A's stay local, draft catcher Soderstrom first

Fellow A's prospect, longtime throwing partner: 'I can’t wait to throw to him for years to come'

June 11th, 2020

OAKLAND -- The A’s didn’t have to travel far to find their first-round selection in the 2020 MLB Draft, going about 90 miles east of the Oakland Coliseum to select catcher Tyler Soderstrom of Turlock High School.

Drafting Soderstrom with the No. 26 pick marked the first time the A’s have used a first-round pick on a catcher since drafting Landon Powell at No. 24 in the 2004 Draft. If the newbie's last name sounds familiar to those in the Bay Area, it's because Soderstrom’s father, Steve, was a first-round selection by the Giants in 1993. The two are now just the 10th father-son duo in MLB history to be drafted in the first round.

“It’s helped me a lot,” Soderstrom said of the relationship with his father. “We’ve talked about game management and pitch calling. He’s a big help in that part of my game and I’m super blessed to have him.”

A’s scouting director Eric Kubota believes the club found a steal in Soderstrom, who was named the 2020 Gatorade California Baseball Player of the Year for 2019-20 and rated the No. 19 overall draft prospect by MLB Pipeline.

“If you had asked me going into it whether this would happen, I would have been surprised,” Kubota said of the selection. “But things seemed to align for us and we were fortunate.

“We think he’s one of the premier high school bats in this Draft and has a chance to impact the game defensively behind the plate.”

According to MLB.com Draft expert Jonathan Mayo, Soderstrom is an advanced hitter who is considered “one of the better left-handed pure bats in this Draft.” Mayo and fellow Draft guru Jim Callis had Soderstrom going No. 13 in their last mock Draft (to the Giants, no less).

While Soderstrom is a UCLA commit, Kubota does not have concerns about whether the club will be able to sign the catcher.

“I think we’re comfortable we can make something happen,” Kubota said.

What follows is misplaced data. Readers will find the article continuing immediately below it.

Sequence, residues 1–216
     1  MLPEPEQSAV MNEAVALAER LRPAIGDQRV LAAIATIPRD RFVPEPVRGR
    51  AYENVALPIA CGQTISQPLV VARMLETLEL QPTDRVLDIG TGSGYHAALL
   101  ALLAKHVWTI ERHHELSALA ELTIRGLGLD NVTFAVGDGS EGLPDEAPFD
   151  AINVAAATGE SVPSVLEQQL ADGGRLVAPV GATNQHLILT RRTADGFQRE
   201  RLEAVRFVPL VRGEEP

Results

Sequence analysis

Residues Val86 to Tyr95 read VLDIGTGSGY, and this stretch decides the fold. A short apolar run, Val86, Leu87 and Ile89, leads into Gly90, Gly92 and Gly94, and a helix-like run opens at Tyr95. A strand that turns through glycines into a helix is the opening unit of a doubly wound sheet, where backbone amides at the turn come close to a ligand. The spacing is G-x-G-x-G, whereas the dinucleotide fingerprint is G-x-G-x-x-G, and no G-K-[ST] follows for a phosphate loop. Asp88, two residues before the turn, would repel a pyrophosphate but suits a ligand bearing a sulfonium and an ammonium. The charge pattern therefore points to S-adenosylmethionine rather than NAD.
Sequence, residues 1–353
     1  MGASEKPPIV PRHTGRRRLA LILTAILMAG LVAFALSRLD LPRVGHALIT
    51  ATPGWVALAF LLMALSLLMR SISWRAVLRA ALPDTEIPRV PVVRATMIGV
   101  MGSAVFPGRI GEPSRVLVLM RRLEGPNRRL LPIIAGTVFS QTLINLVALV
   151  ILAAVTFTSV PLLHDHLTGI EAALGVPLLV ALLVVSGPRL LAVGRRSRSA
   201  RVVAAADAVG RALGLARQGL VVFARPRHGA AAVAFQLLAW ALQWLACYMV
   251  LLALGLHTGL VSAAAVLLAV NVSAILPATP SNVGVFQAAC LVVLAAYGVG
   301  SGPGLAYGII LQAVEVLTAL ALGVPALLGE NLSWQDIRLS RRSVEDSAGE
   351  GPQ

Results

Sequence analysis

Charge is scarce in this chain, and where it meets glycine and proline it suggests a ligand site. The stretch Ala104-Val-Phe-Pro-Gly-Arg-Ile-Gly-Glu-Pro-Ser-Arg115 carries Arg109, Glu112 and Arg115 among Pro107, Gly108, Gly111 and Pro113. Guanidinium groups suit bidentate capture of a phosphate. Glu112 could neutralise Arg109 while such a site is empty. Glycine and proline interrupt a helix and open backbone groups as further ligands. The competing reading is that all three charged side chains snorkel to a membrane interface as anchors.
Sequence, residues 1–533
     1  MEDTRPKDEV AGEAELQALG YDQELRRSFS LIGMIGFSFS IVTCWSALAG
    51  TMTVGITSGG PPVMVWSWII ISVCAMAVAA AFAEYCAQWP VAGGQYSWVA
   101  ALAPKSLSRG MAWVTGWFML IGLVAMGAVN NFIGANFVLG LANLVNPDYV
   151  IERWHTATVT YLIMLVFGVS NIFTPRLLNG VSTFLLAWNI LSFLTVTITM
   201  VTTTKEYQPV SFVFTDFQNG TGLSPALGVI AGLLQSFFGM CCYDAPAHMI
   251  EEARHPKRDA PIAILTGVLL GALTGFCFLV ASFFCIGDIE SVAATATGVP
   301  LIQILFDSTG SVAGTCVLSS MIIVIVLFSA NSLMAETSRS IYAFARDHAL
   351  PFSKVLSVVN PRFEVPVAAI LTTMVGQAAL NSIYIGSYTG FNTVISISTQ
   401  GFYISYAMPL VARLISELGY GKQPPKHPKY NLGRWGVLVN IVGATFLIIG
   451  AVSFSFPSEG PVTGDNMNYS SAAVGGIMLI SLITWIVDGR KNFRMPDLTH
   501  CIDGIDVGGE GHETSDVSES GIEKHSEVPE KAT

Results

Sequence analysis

The 6-foot-2, 200-pound Soderstrom’s future at catcher was in question entering the Draft. Mayo noted that while Soderstrom does possess a strong arm behind the dish, other areas of his defensive game are still a work in progress and could lead to an eventual move to a corner outfield spot or third base. Though when asked about Soderstrom’s long-term status at catcher, Kubota had zero doubts.

“I think every scout for the Oakland A’s thinks he’s a catcher,” Kubota said. “He has a strong desire to catch, and that’s more than half the battle. He’s got an advanced knowledge about the position for his age. We think all the ingredients are there to be a very good catcher.”

The batting skills alone are certainly intriguing. Soderstrom played for the U.S. 18U National Team in the summer of 2019, starting all nine games in the World Baseball Softball Confederation U-18 Baseball World Cup. He hit .364 for Team USA, including a two-run double in a win over Chinese Taipei on Aug. 30 and an RBI double in a win over Spain on Sept. 2.

Soderstrom will have at least one familiar face once in the organization with right-hander Daulton Jefferies, the A’s No. 9 prospect per MLB Pipeline, who grew up in Merced, about a half hour from Soderstrom’s hometown in Turlock. Having worked out every offseason with Tyler at Steve Soderstrom’s Backyard Sports Academy for about four years now, Jefferies can provide a pretty strong scouting report on the A’s newest Draftee.

“Offensively, I see him day in and day out working on his craft. He has a big bat and he’s a big, physical guy with so much more room to grow,” Jefferies told MLB.com. “Definitely beyond his years from a work ethic standpoint.”

As far as the defense goes, “I’ve been throwing to him since he was a freshman in high school and he’s very interactive,” Jefferies said. “He asks questions, gives feedback, wants to learn. Every time I throw a bullpen, he wants to be the one catching it. You don’t see a lot of high school kids who are as attentive and detail-oriented as he is, but that’s what got him to this position. He’s a humble, hard-working kid that is a perfect fit for Oakland, and I can’t wait to throw to him for years to come.”

The player comparisons for Soderstrom are wide-ranging. Former Rockies general manager and current MLB Network analyst Dan O’Dowd threw out former All-Star as a comp. Soderstrom hasn’t looked into these too much, but he said he likes to model his swing after current left-handed stars and .

“Those are two guys I idolize,” Soderstrom said. “My bat is my biggest asset. That along with my athleticism and arm strength will take me far in this game.”

The Draft continues today with Rounds 2-5. The MLB Network preview show begins at 1 p.m. PT, with live coverage on MLB Network and ESPN2 beginning at 2 p.m. PT. Go to MLB.com/Draft for complete coverage, including every pick on the Draft Tracker, coverage and analysis from MLB Pipeline’s Jim Callis and Jonathan Mayo, the complete order of selection and more. And follow @MLBDraft and @MLBDraftTracker on Twitter.